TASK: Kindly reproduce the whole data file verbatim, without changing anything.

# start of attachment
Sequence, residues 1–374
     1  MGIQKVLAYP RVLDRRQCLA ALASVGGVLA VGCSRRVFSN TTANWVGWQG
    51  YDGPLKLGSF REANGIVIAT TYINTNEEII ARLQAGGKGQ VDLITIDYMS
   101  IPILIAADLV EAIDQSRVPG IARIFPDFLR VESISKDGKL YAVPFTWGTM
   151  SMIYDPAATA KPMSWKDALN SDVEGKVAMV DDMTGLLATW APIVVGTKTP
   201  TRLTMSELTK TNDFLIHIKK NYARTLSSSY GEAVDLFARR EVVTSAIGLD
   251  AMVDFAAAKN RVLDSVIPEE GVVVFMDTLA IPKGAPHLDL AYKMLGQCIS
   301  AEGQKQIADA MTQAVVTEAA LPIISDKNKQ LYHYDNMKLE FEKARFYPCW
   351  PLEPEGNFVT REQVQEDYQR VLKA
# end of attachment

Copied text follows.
Sequence, residues 1–374
     1  MGIQKVLAYP RVLDRRQCLA ALASVGGVLA VGCSRRVFSN TTANWVGWQG
    51  YDGPLKLGSF REANGIVIAT TYINTNEEII ARLQAGGKGQ VDLITIDYMS
   101  IPILIAADLV EAIDQSRVPG IARIFPDFLR VESISKDGKL YAVPFTWGTM
   151  SMIYDPAATA KPMSWKDALN SDVEGKVAMV DDMTGLLATW APIVVGTKTP
   201  TRLTMSELTK TNDFLIHIKK NYARTLSSSY GEAVDLFARR EVVTSAIGLD
   251  AMVDFAAAKN RVLDSVIPEE GVVVFMDTLA IPKGAPHLDL AYKMLGQCIS
   301  AEGQKQIADA MTQAVVTEAA LPIISDKNKQ LYHYDNMKLE FEKARFYPCW
   351  PLEPEGNFVT REQVQEDYQR VLKA